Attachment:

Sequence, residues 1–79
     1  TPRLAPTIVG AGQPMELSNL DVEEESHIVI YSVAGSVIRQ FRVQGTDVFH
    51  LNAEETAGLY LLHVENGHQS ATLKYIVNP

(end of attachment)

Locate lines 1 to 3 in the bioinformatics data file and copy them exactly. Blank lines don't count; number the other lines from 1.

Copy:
Sequence, residues 1–79
     1  TPRLAPTIVG AGQPMELSNL DVEEESHIVI YSVAGSVIRQ FRVQGTDVFH
    51  LNAEETAGLY LLHVENGHQS ATLKYIVNP